Comcast results reveal Sky revenue dip, while Peacock hits 10 million subs
The operator charted 23.7 million ‘customer relationships’ across Europe, down only 1% from the 23.9 million it had in Q1.
While Sky will be happy that it managed to keep customers at a time when purse strings are tightening, it will be less than pleased about the state of its total revenue which dropped by 15.5% to US$4.1 billion over three months. In particular, it suffered significant declines across advertising and content revenue streams, and as a result of letting customers pause their sports subscriptions amid the lockdown.
Advertising in particular took the biggest hit, dropping by 43% to US$321 million in Q2. This was attributed to overall market weakness “which was worsened by COVID-19, as well as the continued unfavourable impact of a legislation change related to gambling advertising.” The UK government has taken an increasingly tough stance against betting companies, many of whom are heavy advertisers across Sky’s sports broadcasting.
Content meanwhile dropped by 35.7% to US$234 million, which Sky said reflects lower revenue from sports programming as a result of postponement of most events.
The D2C segment, which includes Now TV, saw a less steep decline of 9.4% to US$3.5 billion.
As a result of all this, Sky’s adjusted EBITDA decreased by 2.9% to US$749 million.
Outside of these pure figures, Sky CEO Jeremy Darroch was largely positive when speaking on the company’s earnings call. He said: “COVID-19 has certainly posed near-term challenges to our business with the delay of sports, pressure on D2C sales and a tough macro environment for advertising. But the strategies we’ve implemented to manage through the crisis have proved incredibly successful. We worked with our customers, pausing subscriptions where it made the most sense, especially for those on sports products that tend to be sold separately. And this resulted in retention of 99% of our total customers and over 95% of our sports space as the loyalty throughout the quarter remained at record levels and viewership on Sky’s own branded channels was significant.
“Sky Cinema, Sky basic channels and Sky News increased 29% year-on-year, and we’re ahead of free-to-air and partner channels in Sky homes. And as sports returned to see, we’ve achieved some of the highest viewing levels we’ve seen in 10 years, especially in football.”
He added that the company’s premium set top box product Sky Q is now in “close to 50% of customers’ homes” – up by more than 10% over Q2 2019 and touted a successful launch of Sky Broadband in Italy.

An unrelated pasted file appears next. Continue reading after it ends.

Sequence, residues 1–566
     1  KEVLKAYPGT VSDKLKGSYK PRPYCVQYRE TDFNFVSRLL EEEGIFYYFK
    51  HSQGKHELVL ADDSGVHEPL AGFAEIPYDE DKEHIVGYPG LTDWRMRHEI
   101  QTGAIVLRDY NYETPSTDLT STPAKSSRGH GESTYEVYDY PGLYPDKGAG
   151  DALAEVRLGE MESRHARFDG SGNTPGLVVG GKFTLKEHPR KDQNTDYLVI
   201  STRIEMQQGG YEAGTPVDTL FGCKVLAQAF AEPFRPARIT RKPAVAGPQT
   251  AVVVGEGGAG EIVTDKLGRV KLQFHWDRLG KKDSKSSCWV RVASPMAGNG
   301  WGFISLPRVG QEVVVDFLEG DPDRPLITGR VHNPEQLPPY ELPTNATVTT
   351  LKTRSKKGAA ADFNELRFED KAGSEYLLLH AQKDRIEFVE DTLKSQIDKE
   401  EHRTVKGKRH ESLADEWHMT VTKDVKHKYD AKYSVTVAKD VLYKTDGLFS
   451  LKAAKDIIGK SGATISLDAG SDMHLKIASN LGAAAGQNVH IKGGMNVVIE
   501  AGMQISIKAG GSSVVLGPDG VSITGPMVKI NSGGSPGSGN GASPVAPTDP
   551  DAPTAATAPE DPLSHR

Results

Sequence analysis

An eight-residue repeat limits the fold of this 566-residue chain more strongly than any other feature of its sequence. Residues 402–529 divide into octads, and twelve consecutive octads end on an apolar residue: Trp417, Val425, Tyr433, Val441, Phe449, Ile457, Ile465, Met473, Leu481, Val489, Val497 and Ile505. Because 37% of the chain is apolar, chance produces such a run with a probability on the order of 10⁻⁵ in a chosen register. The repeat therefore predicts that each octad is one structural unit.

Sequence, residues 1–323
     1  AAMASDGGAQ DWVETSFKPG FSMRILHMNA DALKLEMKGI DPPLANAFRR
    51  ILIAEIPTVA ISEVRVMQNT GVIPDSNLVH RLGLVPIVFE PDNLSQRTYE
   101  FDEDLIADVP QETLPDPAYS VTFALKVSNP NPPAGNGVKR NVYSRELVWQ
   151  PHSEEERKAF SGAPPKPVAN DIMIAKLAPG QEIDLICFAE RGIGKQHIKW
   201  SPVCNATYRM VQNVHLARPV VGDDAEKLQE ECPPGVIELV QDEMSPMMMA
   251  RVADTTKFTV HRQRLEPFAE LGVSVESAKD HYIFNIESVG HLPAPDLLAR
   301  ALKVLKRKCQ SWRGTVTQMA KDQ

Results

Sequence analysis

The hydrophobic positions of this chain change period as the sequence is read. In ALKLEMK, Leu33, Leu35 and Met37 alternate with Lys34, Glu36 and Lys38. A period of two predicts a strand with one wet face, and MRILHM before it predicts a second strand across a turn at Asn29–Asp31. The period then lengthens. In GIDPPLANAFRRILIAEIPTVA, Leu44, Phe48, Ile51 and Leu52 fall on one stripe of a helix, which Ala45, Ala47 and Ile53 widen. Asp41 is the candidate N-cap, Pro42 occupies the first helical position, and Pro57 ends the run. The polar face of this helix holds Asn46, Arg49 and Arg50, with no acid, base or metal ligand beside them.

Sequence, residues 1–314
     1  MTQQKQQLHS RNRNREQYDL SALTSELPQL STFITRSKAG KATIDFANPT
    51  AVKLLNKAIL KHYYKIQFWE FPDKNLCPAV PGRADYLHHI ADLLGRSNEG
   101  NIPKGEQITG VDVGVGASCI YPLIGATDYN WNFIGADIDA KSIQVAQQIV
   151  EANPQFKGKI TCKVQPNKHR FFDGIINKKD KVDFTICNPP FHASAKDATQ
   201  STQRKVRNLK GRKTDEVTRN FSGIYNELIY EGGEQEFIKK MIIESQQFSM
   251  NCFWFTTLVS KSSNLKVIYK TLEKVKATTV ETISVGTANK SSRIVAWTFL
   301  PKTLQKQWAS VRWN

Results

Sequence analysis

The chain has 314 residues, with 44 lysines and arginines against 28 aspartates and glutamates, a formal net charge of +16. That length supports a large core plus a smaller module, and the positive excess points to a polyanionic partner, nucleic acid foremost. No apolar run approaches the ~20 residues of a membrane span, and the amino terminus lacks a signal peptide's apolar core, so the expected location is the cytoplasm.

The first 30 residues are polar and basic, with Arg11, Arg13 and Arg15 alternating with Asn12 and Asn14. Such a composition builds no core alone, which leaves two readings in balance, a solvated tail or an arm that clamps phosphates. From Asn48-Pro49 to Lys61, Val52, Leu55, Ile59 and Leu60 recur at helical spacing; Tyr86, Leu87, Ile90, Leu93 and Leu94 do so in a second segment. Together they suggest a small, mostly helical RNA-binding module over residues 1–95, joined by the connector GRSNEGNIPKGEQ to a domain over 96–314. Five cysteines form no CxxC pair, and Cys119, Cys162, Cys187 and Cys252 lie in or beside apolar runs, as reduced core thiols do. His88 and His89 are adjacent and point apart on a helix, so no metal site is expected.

The CEO said that the Sky TV business in the UK “remains very healthy” and that Now TV “is well set to continue to deliver strong growth by adding new Pay TV customers as well as increasingly upselling more content tiers to our existing base.”
Darroch concluded that “Sky is well positioned, and we’re looking forward to executing on the opportunity we have before us.”
One of the key priorities of Comcast over the quarter has been the rollout of its streaming service Peacock, which launched earlier this month following a closed beta for Xfinity pay TV customers in April.
Thankfully for the operator, this focus seems to have paid off with Comcast announcing that it had already hit 10 million sign-ups to the service.
Comcast CEO Brian Roberts said that the platform had “exceeded our high expectations” and that this, combined with its 1/3 ownership of Hulu makes him “so excited about where we are headed” in regards to its D2C business.
NBCUniversal CEO Jeff Shell – who was appointed to the position in January – added: “Not only are more people signing up than we projected, but they are watching more frequently and engaging much longer than we projected. The technology has worked seamlessly, and the service is improving on a daily basis. With much of our strong programming coming in January, including the exclusive rights to The Office, we feel very encouraged. So I obviously didn’t expect my first six months on the job to be anything like this, with basically the whole company working from home and large parts of our business not operating.”
It is worth noting however that this is not necessarily 10 million paying subscribers to the service. Most Peacock users in the quarter will have been accessing the service for no extra cost through their set top box, while there is also a free ad-supported tier available to customers in the US. This is unlike HBO Max, which was announced as having 4 million subscribers by parent company WarnerMedia, which is a premium streamer available to certain existing HBO subscribers or paying customers and has no free option.
It is expected that Peacock will begin to break-even by the end of 2024 at which point it will have a projected 30-35 million subscribers.
Overall, Comcast’s Q2 revenue fell by 4.4% to US$23.7 billion, with its home internet and cable segment flat at US$14.4 billion. The operator lost 477,000 video customers in the quarter and gained 323,000 broadband customers.
NBCUniversal, which houses Peacock, saw revenue down by 25% to US$6.1 billion, while the films division dropped by 18% to US$1.2 billion – likely as a result of delays to blockbuster movies such as F9.